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Sila-Flex - Orange, CA?
Post 01 Jan 2019, 17:47 • #1 
New Member
Joined: 12/30/18
Posts: 6
Location: US-WI
Hi All-
Been reading this board off and on for a couple years, but have recently gone a bit deeper into glass, so finally signed up. Fish mostly Driftless area in Wisconsin, but also hit some warm water and freestoners in NE Wisconsin/UP.

Anyway, one of the rods I recently acquired (maybe from one of you?) is an old Silaflex (7’8”) with the only marking as shown below showing “Pacific Laminates - Silaflex - Orange, Calif”.

Curious if anyone could put an age on this one or offer insights on model? I read in the Wiki about Costa Mesa, but not Orange and with no other markings, am curious if any of you guys can shed some light on this rod. I have not cast it yet (due to the “wonderful” Wisconsin weather), but am planning on exercising some of the Driftless Brookies and Browns this spring...

Thanks for any input and for this really exceptional resource!

Image
Image

OK - now need to figure out how to post pics. More homework...


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Post 01 Jan 2019, 18:25 • #2 
Piscator
Joined: 08/10/05
Posts: 17326
Location: downtown Bulverde, Texas
any other photos, guides, grip? Silaflex rods were introduced in the late 40s, but J&J reports the parent company, Pacific Laminates was always in Costa Mesa, and started building rods by hiring away Conolon employees.
Orange and Costa Mesa are 2 miles apart, so there may be a difference in plant and business office.
The length matches F-75, c. 1955

and here's a book that will have a lot more information:
https://www.amazon.com/Documentary-Hist ... 1936702630


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Post 01 Jan 2019, 23:34 • #3 
New Member
Joined: 12/30/18
Posts: 6
Location: US-WI
I will get one of the grip - it is clearly sanded (butt end in one of the pics). Ferrule, guide and reel seat below.
Image
Image
Image
Thanks!


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Post 01 Jan 2019, 23:45 • #4 
Piscator
Joined: 08/10/05
Posts: 17326
Location: downtown Bulverde, Texas
thanks for the photos - beauty rod. I think it fits 1955-60.


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Post 02 Jan 2019, 13:00 • #5 
New Member
Joined: 12/30/18
Posts: 6
Location: US-WI
Here is a picture of the grip. Interesting that there is no seahorse at all on the rod. Anyway, thanks for the info and link - looking forward to getting this one out there.
Image

Next thing to do is to resize pics...


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Post 03 Jan 2019, 21:00 • #6 
Sport
Joined: 07/16/18
Posts: 91
Location: USA
According to Todd Larson in the book (linked above by bulldog1935), SilaFlex 1948-1963, Herb Jenks et al. left Narmco to start Pacific Laminates in a discarded pump house in the middle of an Orange Grove in Orange, CA. In 1948, they moved to Costa Mesa, CA.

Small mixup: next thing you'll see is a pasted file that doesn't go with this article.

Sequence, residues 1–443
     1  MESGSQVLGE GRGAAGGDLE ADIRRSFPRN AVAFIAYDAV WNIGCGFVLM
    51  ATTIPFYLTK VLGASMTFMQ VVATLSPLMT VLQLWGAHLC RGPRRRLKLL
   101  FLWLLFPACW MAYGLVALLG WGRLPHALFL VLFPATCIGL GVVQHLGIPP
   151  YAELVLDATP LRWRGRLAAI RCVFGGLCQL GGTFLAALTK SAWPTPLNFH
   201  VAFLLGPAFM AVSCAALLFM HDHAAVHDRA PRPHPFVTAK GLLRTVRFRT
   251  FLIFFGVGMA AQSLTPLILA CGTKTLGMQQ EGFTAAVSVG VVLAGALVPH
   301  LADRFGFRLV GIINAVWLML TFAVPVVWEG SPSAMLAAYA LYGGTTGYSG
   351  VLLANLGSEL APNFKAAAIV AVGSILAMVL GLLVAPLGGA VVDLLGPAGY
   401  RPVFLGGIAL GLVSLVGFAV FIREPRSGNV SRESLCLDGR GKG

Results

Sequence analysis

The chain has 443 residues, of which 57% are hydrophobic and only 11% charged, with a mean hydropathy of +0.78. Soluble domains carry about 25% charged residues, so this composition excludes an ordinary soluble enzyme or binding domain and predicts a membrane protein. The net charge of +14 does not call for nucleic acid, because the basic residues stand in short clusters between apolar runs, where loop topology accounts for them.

The Orange, CA location must have been very short. August,1947 Herb Jenks was still giving talks for Narmco (I have a short blurb copy from the August 28, 1947 Van Nuys News stating he gave a talk to the Jaycees the previous night). From the catalog excerpts/images (provided by Warren Jenks, Herb's brother) in the Larson book it doesn't look like the seahorse came along until 1952. I don't see an Orange, CA decal anywhere in the book. I own 14 1950s Sila-flex rods (including 5 fly rods), none with such a decal.

Jungwiar, you may have a very early Sila-flex rod.

John


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Post 03 Jan 2019, 23:17 • #7 
Sport
Joined: 07/16/18
Posts: 91
Location: USA
For trademark nerds:
Image

Address: Orange, CA.
Date of first use in commerce: March 31, 1948.
Date of application: August 20,1948.

Other documents I encountered, all later, were with Costa Mesa address. I couldn't find anything on the seahorse yet.


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Post 03 Jan 2019, 23:50 • #8 
Glass Fanatic
Joined: 09/18/09
Posts: 5050
Location: Washington DC Region
Fishkat, Thank you for sharing your research.

Jungwiar, that is a great looking rod. Congratulations on the find. The orange spiral wraps (in thick thread) are neat.
Other than the cork separating between the rings, the rod looks great.


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Post 04 Jan 2019, 07:51 • #9 
Master Guide
Joined: 02/16/14
Posts: 618
Location: Roanoke, VA
Those wraps. Those ferrrules. Those foulproof guides. That seat. That glass. Wow!
What a great early, early find.


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Post 04 Jan 2019, 12:06 • #10 
Guide
Joined: 04/09/14
Posts: 173
Location: US-MN Driftless region, western Lake Superior
jeeesuz.....what a find!


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Post 04 Jan 2019, 22:45 • #11 
New Member
Joined: 12/30/18
Posts: 6
Location: US-WI
Hey — thanks for the replies and info! I was’t sure what I had so is the reason I finally joined here vs. laying in the weeds... I had missed out on a Brownging Silaflex (xxx975), so jumped on this when I saw it. Started looking around and haven’t seen any pics of the label, etc. Anyway, I will be fishing it, so will report back here. Appreciate it.


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Post 04 Jan 2019, 23:01 • #12 
Glass Fanatic
Joined: 11/06/17
Posts: 1943
Location: South of Joplin
I'm not sure I could fish that more than once, and that would be with all cautions. Might be one of a kind.


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Post 11 Jan 2019, 15:03 • #13 
Sport
Joined: 07/16/18
Posts: 91
Location: USA
I found an obscure reference of possible interest to history nerds.

The address in the trademark document shown above, 2140 E. Chapman Avenue, Orange, CA, appears to be the home address of one of the Pacific Laminates partners, Mortier F. Barrus.

Barrus graduated Colorado School of Mines, class of 1943. A publication of the Alumni Association, The Mines Magazine, volume 38 (1948), in its Personal Notes section writes:

M.F. Barrus, '43, is partner in the firm of Pacific-Laminates Company and receives mail at his home, 2140 East Chapman Avenue, Orange, California.

Google Books snippet

So, the Sila-flex Orange, CA address was likely not that of the abandoned pump house in an orange grove used for production, but rather a partner’s home address.


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Post 11 Jan 2019, 15:58 • #14 
Glass Fanatic
Joined: 11/06/17
Posts: 1943
Location: South of Joplin
That makes too much sense. The pump house gives more romanticism to the story.


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Post 11 Jan 2019, 16:47 • #15 
Sport
Joined: 07/16/18
Posts: 91
Location: USA
Well Trev, just to be clear, I accept the pump house story. A guy handling a start-up's mail in his home is kind of romantic, too.

In any case, these guys went on to make $$$. I'll see if I can dig up a 1950s article (I read a while ago) saying so.